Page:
China’s grand plans of putting people and potatoes on the moon hit a slight setback on Sunday with the failure of the country’s latest rocket launch.
At 7:23 p.m. yesterday evening, the Long March-5 Y2 blasted off from a space launch center in Hainan headed for the stars, tasked with carrying an extremely heavy 7.5-tonne experimental communications satellite into orbit.
However, about 40 minutes after launch, China’s official Xinhua news agency reported that the launch was “unsuccessful,” adding that an “anomaly was detected during the flight,” but failing to provide further explanation.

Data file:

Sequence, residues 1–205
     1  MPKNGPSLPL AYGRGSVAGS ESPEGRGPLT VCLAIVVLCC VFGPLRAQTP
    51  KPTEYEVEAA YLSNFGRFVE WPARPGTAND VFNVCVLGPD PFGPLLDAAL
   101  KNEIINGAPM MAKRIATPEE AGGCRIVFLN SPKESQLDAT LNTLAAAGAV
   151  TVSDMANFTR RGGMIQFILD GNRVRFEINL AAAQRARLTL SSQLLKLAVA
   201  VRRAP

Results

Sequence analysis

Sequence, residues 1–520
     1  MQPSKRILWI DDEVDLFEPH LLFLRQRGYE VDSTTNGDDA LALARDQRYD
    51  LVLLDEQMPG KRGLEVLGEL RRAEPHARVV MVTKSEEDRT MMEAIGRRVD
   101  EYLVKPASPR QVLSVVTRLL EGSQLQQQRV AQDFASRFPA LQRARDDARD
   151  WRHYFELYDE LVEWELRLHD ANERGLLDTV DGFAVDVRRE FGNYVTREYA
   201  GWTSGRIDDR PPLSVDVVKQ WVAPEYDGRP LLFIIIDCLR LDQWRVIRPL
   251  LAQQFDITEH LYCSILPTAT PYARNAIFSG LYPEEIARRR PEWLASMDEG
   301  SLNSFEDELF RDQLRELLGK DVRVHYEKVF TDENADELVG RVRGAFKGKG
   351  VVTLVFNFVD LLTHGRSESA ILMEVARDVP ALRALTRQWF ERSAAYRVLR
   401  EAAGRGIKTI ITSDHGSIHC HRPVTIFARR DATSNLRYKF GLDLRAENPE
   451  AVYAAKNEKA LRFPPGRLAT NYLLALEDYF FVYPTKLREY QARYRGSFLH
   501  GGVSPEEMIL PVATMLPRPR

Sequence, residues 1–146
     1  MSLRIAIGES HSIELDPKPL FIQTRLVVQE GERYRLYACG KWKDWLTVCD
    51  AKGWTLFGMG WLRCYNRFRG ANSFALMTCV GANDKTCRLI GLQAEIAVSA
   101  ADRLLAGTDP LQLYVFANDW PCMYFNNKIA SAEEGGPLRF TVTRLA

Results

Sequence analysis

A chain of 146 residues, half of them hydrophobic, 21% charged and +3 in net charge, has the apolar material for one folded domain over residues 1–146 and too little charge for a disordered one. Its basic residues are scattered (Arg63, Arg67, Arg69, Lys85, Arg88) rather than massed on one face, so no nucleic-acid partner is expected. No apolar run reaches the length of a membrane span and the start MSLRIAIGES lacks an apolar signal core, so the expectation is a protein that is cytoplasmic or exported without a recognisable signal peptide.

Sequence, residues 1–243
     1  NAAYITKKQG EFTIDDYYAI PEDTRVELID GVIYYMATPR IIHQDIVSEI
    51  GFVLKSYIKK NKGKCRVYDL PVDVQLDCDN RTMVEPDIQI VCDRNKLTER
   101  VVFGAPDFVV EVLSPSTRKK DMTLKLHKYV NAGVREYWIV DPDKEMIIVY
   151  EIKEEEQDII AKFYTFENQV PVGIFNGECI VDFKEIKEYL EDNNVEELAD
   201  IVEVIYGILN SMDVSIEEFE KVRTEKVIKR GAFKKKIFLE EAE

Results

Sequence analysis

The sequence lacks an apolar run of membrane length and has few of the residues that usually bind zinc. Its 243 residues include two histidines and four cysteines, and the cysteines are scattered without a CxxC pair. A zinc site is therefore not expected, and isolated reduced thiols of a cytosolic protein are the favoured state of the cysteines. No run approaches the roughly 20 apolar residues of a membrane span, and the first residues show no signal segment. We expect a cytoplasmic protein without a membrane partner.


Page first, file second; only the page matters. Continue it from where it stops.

China says launch of Long March-5 Y2 "unsuccessful". Anomaly was detected during its flight and further investigation will be carried out pic.twitter.com/qQlFVJufB3
— China Xinhua News (@XHNews) July 2, 2017
This was the second launch of the new Long March-5 rocket following a successful maiden mission last year. Later this year, the rocket is scheduled to send the Chang’e-5 lunar probe into space.
After the failure was announced for all the world to hear, Elon Musk said that he could relate:
Sorry to hear about China launch failure today. I know how painful that is to the people who designed & built it. https://t.co/iOkj6egF3O
— Elon Musk (@elonmusk) July 2, 2017
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